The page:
Safe travels dear Elaine! And if a wheel chair is needed, offered, why not get ahead of the crowds and grab one! I think, hope, pray slowly that the world is understanding, realising we cannot live without the beauty and wonder of nature. Maybe I’m only realising this as I age but last week I was stuck indoors for eight straight days and to be honest I was climbing up the walls to get out for a walk. As is tradition in the poet’s house, I’m working on next week’s birthday poem which this year is going to be written in a haiku style. As you know, some get to sleep forever in a darkened drawer and others get to see the light of day. We’ll see! Have a wonderful trip my dear friend. Big love! x

    1. November 8, 2023 at 10:49 am

      Elaine Mansfield


      I ordered a wheelchair because I can’t hear announcements if they change the gate. It doesn’t seem quite fair since I hike long distances, but the issue is the sound and missing that a gate was changed. A wheelchair was advised and I resisted, but finally said yes.

  8. November 7, 2023 at 12:08 pm

    Deborah Gregory


    Dear Elaine,

    I’m so sorry to hear that you’ve been feeling anxious of late my dear friend. Watching daily and breaking news programmes often delivers heart-sink, anxious moments! And there seems to be such a lot to worry about these days, let alone the Israel and Palestine war taking place, daily, almost hourly, on our screens.

    This morning I thought to hell with all that and decided to pull on my walking boots and head over to the beach where I could listen to one of my favourite podcasts. I took in a five mile trek along the shoreline, it was wild and heavenly over there! Nature, I truly believe, really is the best cure for many people’s anxiety.

    Hmm, in a heightened emotional state I also can’t read anything scientific or academic, I can’t really concentrate until I feel more emotionally balanced, so mythological stories, poetry and music, often calm me down. I don’t do it often but getting my brushes, paints out relaxes me too, as does looking at art images.

    Sometimes I’ll spend an hour or longer looking for an image. It’s often the symbolic, archetypal, metaphoric or surreal ones I find myself most drawn too. Butterflies, foxes and deer have been some of my most recent searches as I’m currently musing on writing a new poetry series next year based on our woodland inhabitants.

    To summarise, I think my main anxiety reducing activity has to be ‘walking in nature’. Jigsaw puzzles are great for taking my mind off my troubles too. Yet nothing really beats nature for me, especially when I get to share a walk with friends. Sending much love and light across the oceans and oaks between us.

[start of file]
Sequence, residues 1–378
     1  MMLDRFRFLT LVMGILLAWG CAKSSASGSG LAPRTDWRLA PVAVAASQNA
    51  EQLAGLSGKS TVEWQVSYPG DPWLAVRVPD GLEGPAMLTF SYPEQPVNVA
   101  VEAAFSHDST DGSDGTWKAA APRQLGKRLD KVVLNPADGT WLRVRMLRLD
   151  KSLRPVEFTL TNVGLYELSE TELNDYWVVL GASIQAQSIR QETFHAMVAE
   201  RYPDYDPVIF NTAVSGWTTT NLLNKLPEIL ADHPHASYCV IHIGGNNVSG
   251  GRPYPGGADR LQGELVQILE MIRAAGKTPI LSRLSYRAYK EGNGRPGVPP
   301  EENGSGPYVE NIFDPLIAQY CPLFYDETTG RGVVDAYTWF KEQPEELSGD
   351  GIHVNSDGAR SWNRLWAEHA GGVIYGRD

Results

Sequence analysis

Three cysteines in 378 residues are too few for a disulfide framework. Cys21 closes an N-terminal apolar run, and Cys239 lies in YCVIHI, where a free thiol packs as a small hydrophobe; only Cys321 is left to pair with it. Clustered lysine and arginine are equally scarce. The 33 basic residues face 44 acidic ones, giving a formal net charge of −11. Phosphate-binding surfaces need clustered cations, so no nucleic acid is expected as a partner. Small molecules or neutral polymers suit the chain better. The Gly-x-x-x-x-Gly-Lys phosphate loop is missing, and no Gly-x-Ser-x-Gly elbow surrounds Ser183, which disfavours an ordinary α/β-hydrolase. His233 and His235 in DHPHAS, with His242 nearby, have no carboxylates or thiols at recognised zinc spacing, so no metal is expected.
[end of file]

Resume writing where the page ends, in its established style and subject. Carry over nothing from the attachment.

Your poet friend, Deborah

    1. November 7, 2023 at 6:01 pm

      Elaine Mansfield


      Dear Deborah, the brutality and killing throughout the world break my heart even if I don’t read much about it. Not just the headlines. It’s everywhere. In this country, the political situation is horrifying. It’s hard to imagine how we got to this nasty place, but here we are. I didn’t read details about any of these things today, but I know they’re going on. I ended my piece by saying that walking soothed me–and it does. Disco and I walked in the forest which is beautiful even on a gloomy day.

      I wish I could listen to music, but I remember some songs and sing to myself. Painting is lovely, too. Next week I have an appointment with a “body and energy worker.” I like her and think she will help calm anxiety. At the moment, I’m packing for a short trip to see my son who lives too far to drive. I want to see him before the snow flies. Meniere’s Disease acts up in the tumultuous changeable weather and emotional chaos of the world, so I endure some discomfort to avoid increasing the dose of addictive medicine. Sometimes life is challenging, and it’s helpful to write about it. Nature is my biggest healer along with friends, sons, writing, hiking, and Disco. I pull out the jigsaw puzzles when snow flies which is usually by now, but not this year. Yesterday a friend and I walked in the forest to the place where we buried Vic’s ashes. As she said, “Let’s go visit Vic.” He had a calm energy and I miss that. Have a wonderful break until Yule. I’m considering a break, too, but first a trip and then I’ll see if I’m ready to tackle the last chapters of the Monarch work. No hurry. Love, sweetness, and hugs to you and Lin.